Fierce Biotech recently carried an article about the death of Terry Horgan. Terry was a 27-year-old Duchenne muscular dystrophy (DMD) patient and the brother of the CEO of the clinical trial sponsor. The study involved CRISPR, a now well-known gene editing tool.
Duchenne is caused by a mutation in a gene that produces a protein called dystrophin. The goal of the trial was to produce the muscle protein (dystrophin) that his body was not producing hoping to stabilize symptom progression.
Terry was the only participant in the trial (NCT05514249) that was designed for him. He died eight days after receiving the therapy. Most Duchenne patients eventually die from heart or lung issues.
The developer, Sarepta Therapeutics, had previously restricted the therapy to children ages four through eight.
An investigation of Terry’s death had begun in order to determine if it was in any way connected to CRISPR transactivation. A post-mortem analysis showed severe respiratory distress.
The trial sponsor, Cure Rare Disease, reported the findings as being injuries to the patient’s lungs possibly caused by the dose of treatment he received.
Vectors transport genetic material into cells and are harmless when stripped of disease-causing genes.
Further, the findings showed immune signaling together with a capillary leak causing toxicity in cases of advanced DMD treated with high-dose rAAV gene therapy.
Later it was learned that Terry’s immune system had an overreaction to the virus that was used to deliver the treatment. Recent studies are using another type of virus considered to be safer for that purpose. There are some observers who are skeptical about the ethics surrounding a clinical trial involving only one person. They believe that a trial must have at a minimum 5, 10, or 20 participants so they can have data to analyze.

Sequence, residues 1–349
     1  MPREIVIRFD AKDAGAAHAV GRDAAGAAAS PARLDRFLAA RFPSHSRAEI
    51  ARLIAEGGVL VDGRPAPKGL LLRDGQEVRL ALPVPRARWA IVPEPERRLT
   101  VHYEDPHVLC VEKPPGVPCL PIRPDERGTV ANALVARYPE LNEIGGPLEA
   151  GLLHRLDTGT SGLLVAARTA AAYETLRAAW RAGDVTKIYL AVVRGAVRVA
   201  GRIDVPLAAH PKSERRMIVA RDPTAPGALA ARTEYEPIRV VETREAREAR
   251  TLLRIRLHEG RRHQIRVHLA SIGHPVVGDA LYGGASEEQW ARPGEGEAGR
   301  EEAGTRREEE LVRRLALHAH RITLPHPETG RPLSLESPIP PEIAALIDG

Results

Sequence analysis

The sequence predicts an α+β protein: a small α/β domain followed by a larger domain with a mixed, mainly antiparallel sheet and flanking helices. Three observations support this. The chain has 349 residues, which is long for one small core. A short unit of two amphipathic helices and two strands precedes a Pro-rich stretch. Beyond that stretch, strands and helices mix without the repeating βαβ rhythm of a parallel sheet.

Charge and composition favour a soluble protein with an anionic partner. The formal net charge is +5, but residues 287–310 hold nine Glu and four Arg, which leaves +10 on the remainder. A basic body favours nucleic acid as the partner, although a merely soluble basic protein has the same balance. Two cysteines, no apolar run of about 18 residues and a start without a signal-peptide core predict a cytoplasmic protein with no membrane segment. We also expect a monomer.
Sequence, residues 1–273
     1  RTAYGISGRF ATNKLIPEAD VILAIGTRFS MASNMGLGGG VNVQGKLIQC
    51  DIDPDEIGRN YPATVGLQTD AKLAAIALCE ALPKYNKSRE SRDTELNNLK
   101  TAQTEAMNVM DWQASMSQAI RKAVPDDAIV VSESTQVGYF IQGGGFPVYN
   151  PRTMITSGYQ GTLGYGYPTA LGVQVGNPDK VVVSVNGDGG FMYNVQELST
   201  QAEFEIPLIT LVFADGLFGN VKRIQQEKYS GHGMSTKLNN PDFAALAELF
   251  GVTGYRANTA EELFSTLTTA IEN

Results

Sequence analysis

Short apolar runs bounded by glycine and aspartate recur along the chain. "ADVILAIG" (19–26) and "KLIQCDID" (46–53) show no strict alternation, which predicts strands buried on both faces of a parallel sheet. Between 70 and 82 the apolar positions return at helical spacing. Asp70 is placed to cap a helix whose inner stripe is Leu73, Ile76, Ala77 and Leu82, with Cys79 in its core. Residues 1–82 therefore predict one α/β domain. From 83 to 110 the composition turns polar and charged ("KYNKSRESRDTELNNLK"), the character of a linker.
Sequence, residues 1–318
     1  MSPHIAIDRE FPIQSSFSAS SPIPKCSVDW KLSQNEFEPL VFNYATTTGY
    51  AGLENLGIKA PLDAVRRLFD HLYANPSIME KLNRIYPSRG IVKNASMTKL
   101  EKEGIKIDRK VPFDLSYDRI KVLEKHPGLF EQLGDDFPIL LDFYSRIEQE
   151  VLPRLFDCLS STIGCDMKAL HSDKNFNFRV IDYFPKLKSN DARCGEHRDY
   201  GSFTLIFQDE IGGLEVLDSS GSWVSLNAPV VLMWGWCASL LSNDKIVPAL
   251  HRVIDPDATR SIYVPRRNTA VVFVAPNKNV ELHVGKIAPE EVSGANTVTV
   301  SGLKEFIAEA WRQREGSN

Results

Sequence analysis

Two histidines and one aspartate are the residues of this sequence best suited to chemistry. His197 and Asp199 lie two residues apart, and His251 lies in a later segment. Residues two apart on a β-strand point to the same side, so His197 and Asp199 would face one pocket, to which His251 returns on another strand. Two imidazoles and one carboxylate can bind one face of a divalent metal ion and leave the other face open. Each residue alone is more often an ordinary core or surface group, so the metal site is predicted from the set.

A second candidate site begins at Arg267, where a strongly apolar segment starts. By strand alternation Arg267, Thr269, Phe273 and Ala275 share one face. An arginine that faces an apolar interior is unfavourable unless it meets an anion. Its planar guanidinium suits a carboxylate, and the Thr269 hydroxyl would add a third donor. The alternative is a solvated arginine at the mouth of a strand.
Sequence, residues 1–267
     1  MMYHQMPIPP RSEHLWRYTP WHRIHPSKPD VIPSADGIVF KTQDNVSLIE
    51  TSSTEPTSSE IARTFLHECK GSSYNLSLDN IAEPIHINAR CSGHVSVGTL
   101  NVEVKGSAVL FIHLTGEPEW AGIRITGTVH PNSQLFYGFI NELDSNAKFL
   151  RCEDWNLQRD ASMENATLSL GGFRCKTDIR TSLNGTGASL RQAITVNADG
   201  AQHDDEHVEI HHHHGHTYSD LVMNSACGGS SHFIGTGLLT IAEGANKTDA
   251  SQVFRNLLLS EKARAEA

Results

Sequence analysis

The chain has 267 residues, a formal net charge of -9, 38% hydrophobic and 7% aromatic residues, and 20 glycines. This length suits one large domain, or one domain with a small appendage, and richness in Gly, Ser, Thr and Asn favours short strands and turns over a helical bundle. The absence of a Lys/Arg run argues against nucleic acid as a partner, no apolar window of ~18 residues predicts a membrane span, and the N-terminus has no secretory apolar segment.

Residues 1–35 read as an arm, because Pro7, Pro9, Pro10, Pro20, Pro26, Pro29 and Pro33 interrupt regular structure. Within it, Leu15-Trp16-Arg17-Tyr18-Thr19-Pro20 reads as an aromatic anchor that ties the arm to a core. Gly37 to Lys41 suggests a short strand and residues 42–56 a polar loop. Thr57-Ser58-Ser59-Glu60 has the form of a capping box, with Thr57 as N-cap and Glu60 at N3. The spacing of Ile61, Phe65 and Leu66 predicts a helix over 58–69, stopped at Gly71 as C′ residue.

Terry once wrote that as he realized the devastation caused by DMD, he began to develop deep fears. He said that there were no prospects for clinical trials for his disease but then he became aware of the possibility of a customized drug and was enrolled in the study on August 31.
The treatment began with his immune system being suppressed followed by a one-time treatment of gene editing which was monitored by the hospital staff at Massachusetts University medical school.
A CRISPR expert at the UC Berkeley Genomics Institute, Fyodor Urnov, said that no other trial has targeted DMD with this form of virus delivering a modified type of CRISPR.
He added that some gene trials treating blood diseases such as sickle cell disease involve the removal of stem cells from a patient’s blood via CRISPR and returning the altered cells back into the patient.
Therefore, Dr. Urnov does not think that Terry’s death will impact gene therapy related to blood diseases. However, he said that finding the cause of his death will still be helpful to scientists in general.